International led commission to decide on appropriate pay structures.
Public private sector pay differentials must be reduced.
Unions excessive pay demands must be resisted.
ISME, Friday 24th April 2015.
ISME, the Irish Small & Medium Enterprises Association, has warned the Government not to play fast and loose with the public purse when dealing with Public Sector pay claims. Today’s report from the National Competitiveness Council stresses the need for pay restraint to ensure that there is no negative upward spiral, which would threaten the country’s overall competitiveness. The Association called on the Government to introduce a Pay Commission, chaired by an international expert, to adjudicate on the level of remuneration in the public sector.
According to ISME CEO, Mark Fielding, “In a pre-election period, it is imperative that pay-setting is removed from the political arena and adjudicated on fairly and transparently, taking into account the international comparisons. Without this, the public sector bargaining will once again revert to the public sector tail wagging the political dog, compounding inequality, imbalance and unfairness and eroding competitiveness”.
“The incessant calls for a ‘pay restoration’ must be quashed. It would be instructive to remember the two great disasters of the last decade, the massive pay increases for higher public servants and the secretive benchmarking process for the remainder, both driven by re-election seeking politicians, based on irresponsible terms of reference and inappropriate relativities, which drove government expenditure over a cliff”.
“The very fact that Minister Brendan Howlin wants to sit down with public sector unions to ‘begin the process of reversing the public sector pay cuts’, is being greeted with incredulity by small business owners who are working all the hours, merely to survive.”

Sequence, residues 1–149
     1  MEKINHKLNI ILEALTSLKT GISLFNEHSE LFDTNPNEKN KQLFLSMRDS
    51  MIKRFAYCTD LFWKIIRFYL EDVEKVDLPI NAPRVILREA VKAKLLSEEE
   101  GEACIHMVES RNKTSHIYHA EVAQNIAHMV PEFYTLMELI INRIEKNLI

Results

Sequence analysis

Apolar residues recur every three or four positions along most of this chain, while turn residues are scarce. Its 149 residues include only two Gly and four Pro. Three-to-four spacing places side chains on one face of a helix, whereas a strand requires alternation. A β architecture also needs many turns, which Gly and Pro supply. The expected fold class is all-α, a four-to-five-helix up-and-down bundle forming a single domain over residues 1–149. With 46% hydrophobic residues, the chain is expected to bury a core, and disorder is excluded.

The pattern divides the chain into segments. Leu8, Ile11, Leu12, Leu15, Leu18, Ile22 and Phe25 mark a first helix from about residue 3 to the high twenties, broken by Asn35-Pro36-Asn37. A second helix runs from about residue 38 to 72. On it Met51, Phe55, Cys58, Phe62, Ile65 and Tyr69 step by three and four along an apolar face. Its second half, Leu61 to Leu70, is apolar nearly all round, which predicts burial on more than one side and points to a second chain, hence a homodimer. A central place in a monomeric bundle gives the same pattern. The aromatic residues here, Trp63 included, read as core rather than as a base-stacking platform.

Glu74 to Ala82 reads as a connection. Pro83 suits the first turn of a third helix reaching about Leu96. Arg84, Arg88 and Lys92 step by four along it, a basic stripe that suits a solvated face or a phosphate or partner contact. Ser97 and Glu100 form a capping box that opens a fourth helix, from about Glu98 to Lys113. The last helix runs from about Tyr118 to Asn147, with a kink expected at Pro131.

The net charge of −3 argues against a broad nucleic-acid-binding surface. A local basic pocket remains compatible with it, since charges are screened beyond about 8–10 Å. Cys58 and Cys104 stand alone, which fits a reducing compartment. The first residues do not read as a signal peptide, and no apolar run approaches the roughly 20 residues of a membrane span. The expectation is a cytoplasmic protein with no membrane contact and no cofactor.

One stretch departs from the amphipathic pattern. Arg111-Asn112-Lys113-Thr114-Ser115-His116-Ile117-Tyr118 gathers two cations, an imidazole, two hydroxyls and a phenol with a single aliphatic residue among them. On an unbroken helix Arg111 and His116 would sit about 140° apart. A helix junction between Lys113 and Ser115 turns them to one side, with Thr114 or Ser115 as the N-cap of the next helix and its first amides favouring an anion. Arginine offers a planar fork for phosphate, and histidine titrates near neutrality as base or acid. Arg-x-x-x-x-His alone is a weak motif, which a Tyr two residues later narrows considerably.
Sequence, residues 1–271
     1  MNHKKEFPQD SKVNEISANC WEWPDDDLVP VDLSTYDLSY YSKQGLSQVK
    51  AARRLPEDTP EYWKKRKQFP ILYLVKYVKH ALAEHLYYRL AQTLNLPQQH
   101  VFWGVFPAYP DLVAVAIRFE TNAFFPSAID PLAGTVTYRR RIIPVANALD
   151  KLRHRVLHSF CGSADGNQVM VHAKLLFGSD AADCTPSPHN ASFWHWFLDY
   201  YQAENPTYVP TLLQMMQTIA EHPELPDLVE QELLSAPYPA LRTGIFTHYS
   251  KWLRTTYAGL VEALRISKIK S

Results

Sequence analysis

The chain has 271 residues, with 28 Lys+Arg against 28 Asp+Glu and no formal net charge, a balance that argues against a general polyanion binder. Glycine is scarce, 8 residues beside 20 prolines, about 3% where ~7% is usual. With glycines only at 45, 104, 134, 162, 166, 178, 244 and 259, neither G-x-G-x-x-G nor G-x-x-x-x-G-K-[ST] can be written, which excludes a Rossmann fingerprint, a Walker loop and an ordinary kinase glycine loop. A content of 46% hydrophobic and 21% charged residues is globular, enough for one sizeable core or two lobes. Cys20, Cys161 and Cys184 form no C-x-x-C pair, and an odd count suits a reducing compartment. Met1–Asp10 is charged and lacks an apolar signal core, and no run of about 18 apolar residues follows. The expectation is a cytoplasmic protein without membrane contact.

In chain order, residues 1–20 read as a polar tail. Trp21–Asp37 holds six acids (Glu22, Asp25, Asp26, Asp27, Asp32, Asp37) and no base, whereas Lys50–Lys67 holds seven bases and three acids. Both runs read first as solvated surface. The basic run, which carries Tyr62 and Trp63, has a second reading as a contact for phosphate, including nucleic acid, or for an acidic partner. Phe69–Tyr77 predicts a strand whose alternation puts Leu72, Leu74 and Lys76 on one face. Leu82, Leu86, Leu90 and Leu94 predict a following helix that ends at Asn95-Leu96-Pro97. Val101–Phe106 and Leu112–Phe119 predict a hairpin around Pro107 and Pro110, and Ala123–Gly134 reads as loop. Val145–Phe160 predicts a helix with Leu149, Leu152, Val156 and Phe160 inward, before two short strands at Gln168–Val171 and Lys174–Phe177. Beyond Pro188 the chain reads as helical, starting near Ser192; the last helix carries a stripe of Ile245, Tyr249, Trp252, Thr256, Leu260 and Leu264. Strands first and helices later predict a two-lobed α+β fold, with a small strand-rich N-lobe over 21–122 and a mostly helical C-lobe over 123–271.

“The Government’s fear of the public sector, in the run-in to an election, is a major problem, while we still need to borrow €500m every month to pay our running expenses. Added to this, the public sector unions have started their well-orchestrated whinge-fest, despite the massive pay gap. We cannot afford the cost and the Government must grasp the nettle or we will be back into a bailout faster than you can say ‘Troika’.”
The Association called for:
A comprehensive international led commission to review public sector wages, conditions, perks and increments.
The CSO and the ESRI to produce indisputable comparisons between public and private sectors in Ireland and between Ireland and its international comparators.
Improved efficiencies within the public sector to bring it to world class status.
“We must have an efficient public sector, which is an important and essential component of any modern economy, but it has to be cost effective, delivering value for money. The temptation of incumbent political interference in public sector pay-setting must be removed. This can be achieved by an independent international led commission”, concluded Fielding.